Hall of Fame Inductee
Richard A. "Dick" Baldwin
Richard Baldwin’s shooting career began when he was 11 years old and he remained active for nearly six decades. His first trophy at the Grand American was in 195l, the sub-junior title in the Clay Target Championship. He also was junior runnerup in the Champion of Champions race and was high junior in the Preliminary Handicap.
From 1957 to 1984 Dick worked in various capacities for The Remington Arms Co., including manager of advertising and shooting promotion. When he began his career, he was the youngest field representative of the company. He was able to observe most of the fine shots who had been competing for many years, and after his retirement Dick captured the essence of days gone by as he wrote accounts of their achievements. Some were published in TRAP & FIELD, and later he added many other stories, writing a historical book titled “The Road to Yesterday.“ With his great background in the sport he was named as Museum Director of the Trapshooting Hall of Fame in 2000 and helped the museum continue to grow until his death in 2006.
After his first industry trophy at the Grand American, Dick’s own shooting trophies began to pile up. He was runnerup in the Preliminary Handicap in 1961 and placed second in the 1962 Dayton Homecoming. In 1963 he captured the Doubles Championship and tied for the High-Over-All and All-Around. Two years later he was winning those two last-named big trophies plus was second in the GAH and the Doubles. In 1973 he was runnerup again in the GAH and in 1975 was second in the Prelim Handicap. Five years later he captured both the Class Doubles and the Championship, finishing the next year with first in Friday’s Prelim 16s and the Vandalia Handicap. No longer in the industry category, he was Class A runnerup in the 1988 Doubles.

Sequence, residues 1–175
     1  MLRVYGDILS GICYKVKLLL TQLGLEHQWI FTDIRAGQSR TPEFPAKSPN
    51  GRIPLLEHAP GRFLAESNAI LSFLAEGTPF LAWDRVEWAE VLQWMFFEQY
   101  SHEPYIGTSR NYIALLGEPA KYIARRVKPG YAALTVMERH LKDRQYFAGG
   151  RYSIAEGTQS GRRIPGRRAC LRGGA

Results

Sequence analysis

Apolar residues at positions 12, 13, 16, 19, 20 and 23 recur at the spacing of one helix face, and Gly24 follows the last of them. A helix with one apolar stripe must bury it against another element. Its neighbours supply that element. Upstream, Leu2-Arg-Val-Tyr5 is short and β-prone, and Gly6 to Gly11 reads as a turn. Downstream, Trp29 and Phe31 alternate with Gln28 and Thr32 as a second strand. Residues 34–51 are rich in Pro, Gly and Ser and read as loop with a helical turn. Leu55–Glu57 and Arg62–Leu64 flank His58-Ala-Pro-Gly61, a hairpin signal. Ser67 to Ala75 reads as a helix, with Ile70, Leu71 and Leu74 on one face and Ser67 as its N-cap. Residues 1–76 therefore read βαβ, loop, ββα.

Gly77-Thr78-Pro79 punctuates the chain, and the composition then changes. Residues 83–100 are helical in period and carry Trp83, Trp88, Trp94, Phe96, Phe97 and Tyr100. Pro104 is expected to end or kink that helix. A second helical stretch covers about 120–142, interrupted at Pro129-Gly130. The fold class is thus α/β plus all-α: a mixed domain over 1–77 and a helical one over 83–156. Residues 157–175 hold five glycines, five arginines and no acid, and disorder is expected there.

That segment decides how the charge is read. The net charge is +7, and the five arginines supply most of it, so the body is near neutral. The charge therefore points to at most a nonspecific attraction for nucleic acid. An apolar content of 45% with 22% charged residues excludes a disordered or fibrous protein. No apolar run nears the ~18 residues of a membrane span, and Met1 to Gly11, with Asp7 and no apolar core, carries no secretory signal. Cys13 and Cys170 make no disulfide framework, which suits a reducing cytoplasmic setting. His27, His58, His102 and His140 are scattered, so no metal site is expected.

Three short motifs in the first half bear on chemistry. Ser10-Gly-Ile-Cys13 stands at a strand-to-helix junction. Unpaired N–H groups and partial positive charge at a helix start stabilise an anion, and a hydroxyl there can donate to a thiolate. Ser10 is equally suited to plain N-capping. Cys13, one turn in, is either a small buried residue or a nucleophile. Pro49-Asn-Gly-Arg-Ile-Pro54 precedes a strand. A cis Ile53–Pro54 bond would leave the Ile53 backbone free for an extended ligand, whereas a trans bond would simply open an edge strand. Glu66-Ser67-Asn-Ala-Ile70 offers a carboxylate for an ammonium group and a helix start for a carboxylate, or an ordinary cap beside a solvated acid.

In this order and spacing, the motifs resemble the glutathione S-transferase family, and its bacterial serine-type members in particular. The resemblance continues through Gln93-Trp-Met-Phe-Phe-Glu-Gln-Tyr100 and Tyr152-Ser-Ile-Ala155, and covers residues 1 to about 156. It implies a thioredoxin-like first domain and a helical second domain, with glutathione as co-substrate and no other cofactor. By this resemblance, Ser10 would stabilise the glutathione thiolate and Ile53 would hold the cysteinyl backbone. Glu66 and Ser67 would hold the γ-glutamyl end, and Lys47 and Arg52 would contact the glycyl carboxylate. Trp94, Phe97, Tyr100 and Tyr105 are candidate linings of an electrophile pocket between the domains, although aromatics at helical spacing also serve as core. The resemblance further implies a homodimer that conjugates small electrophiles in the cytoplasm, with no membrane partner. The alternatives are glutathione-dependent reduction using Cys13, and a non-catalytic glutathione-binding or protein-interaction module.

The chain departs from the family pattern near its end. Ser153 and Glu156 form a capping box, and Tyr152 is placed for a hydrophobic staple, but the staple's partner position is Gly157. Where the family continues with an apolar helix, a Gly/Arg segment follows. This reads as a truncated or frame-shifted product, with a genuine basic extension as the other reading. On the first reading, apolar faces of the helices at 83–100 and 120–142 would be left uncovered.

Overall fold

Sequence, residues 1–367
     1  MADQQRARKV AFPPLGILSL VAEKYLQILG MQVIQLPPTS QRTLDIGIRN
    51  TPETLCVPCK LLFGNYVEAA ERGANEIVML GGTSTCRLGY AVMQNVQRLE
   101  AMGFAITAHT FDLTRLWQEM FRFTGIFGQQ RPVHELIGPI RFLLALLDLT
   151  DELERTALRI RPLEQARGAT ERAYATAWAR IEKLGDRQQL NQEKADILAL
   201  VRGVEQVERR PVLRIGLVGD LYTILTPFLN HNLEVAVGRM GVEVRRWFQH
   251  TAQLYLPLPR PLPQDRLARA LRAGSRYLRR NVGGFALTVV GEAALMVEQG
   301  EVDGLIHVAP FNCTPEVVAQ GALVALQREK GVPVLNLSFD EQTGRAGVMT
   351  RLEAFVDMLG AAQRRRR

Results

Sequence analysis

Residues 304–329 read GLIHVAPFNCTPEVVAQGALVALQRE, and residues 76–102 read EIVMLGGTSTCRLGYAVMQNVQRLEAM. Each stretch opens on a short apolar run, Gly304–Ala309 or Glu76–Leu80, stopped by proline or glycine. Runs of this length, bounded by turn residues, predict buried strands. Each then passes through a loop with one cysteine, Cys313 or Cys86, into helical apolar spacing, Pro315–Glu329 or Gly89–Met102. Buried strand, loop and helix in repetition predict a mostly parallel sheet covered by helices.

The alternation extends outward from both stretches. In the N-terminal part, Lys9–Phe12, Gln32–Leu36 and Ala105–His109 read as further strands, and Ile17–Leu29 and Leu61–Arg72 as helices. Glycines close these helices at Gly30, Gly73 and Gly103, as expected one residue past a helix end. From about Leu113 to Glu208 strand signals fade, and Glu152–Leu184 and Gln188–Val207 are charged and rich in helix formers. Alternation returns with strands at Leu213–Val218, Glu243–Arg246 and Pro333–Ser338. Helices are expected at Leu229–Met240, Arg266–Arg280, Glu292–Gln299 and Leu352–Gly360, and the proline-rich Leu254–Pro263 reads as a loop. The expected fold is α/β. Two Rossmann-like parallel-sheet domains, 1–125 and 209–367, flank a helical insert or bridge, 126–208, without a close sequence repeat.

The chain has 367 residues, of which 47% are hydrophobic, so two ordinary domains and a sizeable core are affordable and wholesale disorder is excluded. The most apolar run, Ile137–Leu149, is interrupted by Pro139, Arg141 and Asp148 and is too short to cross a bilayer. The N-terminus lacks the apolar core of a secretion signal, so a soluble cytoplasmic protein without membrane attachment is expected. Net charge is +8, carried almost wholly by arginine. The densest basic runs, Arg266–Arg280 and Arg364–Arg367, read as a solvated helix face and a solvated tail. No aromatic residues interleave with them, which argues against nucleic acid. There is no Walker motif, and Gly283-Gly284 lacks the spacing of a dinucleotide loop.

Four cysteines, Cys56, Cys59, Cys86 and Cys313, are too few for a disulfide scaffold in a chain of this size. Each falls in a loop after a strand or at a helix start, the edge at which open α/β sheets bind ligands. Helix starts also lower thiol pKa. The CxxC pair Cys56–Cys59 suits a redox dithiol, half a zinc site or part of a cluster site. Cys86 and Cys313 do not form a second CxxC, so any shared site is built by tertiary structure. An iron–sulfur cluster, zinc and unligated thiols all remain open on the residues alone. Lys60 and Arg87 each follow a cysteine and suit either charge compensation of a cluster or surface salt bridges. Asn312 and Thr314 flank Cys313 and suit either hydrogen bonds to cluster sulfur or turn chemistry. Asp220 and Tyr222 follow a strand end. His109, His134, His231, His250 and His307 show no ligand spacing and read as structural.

While in industry Baldwin earned handicap, doubles and all-around trophies at the Spring Grand in 1977, 1978 and 1980. As an amateur he won doubles awards at the 1992 Northeastern and the 1996 Southern Grand.
In Eastern Zone competition, Dick was high junior in the 1954 singles and earned the 1956 all-around crown. From 1951 to 1954 he captured four junior championships in his homestate of Connecticut. He was a member of the junior All-America team for four straight years, beginning in 1952. Dick was the second junior to earn the 25-yard line (that was the maximum), and when he broke 99 in doubles in 1955 at Syracuse, N.Y., that was the high twin-bird score shot in the state at that time.
His initial industry All-America achievement came in 1962, and he continued to earn those honors from then until 1968, captaining the 1966 team. In 1978, 1979, 1981, 1982 and 1984 he continued on the team.
Baldwin served as the Connecticut Trapshooting Association secretary from 1955 to 1957, and he was enshrined in the Connecticut and the Eastern United States Halls of Fame. His registered total of targets was: 147,500 singles; 103,900 handicap, and 72,800 doubles.